Stuttering is a communication disorder characterized by excessive involuntary disruptions in the smooth and rhythmic flow of speech, particularly when such disruptions consist of repetitions or prolongations of a sound or syllable, and when they are accompanied by emotions such as fear and anxiety, and behaviors such as avoidance and struggle.
A. Disturbance in the normal fluency and time patterning of speech (inappropriate for the individual's age), characterized by frequent occurrences of one or more of the following:
(1) sound and syllable repetitions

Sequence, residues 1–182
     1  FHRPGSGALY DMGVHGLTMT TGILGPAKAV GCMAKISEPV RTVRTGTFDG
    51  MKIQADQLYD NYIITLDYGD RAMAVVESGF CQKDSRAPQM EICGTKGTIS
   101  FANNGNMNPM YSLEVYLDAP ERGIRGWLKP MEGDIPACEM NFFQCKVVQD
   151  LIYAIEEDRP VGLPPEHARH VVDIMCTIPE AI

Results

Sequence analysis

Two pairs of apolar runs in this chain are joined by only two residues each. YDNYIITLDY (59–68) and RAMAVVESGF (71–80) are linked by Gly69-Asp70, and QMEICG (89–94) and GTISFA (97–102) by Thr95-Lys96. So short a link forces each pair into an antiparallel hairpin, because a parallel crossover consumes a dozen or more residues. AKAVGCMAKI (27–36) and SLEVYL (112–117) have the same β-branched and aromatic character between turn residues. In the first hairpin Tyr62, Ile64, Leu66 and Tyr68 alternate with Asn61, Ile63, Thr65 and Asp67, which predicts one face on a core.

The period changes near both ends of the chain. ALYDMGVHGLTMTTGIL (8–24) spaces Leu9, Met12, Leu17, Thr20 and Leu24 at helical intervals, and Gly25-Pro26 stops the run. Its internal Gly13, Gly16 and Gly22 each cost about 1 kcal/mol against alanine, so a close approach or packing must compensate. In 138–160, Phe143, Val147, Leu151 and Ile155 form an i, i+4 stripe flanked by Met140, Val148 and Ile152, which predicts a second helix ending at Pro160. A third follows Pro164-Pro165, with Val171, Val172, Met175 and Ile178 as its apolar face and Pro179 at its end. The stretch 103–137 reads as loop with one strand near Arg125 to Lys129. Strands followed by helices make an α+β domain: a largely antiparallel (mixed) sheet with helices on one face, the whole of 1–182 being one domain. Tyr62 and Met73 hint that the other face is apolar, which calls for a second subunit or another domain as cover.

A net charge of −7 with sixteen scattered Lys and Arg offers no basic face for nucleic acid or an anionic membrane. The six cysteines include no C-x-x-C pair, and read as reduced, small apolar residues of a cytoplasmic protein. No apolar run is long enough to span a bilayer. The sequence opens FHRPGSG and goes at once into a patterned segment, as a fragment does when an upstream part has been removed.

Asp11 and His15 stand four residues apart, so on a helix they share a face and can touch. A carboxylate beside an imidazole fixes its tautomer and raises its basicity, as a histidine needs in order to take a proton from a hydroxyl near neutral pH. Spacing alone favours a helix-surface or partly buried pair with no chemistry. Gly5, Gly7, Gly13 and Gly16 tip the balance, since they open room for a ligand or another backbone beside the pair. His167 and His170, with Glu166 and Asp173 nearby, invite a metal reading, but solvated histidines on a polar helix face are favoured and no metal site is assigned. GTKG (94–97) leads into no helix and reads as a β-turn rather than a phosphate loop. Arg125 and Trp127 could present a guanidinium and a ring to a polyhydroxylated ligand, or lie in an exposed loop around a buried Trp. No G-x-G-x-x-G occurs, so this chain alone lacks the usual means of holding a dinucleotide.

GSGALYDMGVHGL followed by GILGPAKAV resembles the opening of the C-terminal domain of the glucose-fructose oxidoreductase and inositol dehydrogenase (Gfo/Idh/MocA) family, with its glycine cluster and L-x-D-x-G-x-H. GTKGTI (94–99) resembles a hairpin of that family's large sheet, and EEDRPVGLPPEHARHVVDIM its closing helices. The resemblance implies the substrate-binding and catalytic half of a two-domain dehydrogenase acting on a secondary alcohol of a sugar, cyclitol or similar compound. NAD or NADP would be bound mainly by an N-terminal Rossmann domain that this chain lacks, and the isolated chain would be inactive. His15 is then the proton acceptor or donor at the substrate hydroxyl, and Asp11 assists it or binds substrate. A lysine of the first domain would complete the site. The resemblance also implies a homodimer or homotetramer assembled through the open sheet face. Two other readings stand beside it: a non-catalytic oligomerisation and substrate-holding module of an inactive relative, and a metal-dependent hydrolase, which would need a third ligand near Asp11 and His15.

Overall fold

(2) sound prolongations
(4) broken words (e.g., pauses within a word)
(5) audible or silent blocking (filled or unfilled pauses in speech)
(6) circumlocutions (word substitutions to avoid problematic words)
(7) words produced with an excess of physical tension
(8) monosyllabic whole-word repetitions (e.g., "I-I-I-I see him")
B. The disturbance in fluency interferes with academic or occupational achievement or with social communication.
C. If a speech-motor or sensory deficit is present, the speech difficulties are in excess of those usually associated with these problems.
Coding note: If a speech-motor or sensory deficit or a neurological condition is present, code the condition on Axis III.
Reprinted with permission from the Diagnostic and Statistical Manual of Mental Disorders, Fourth Edition, Text Revision. Copyright 2000 American Psychiatric Association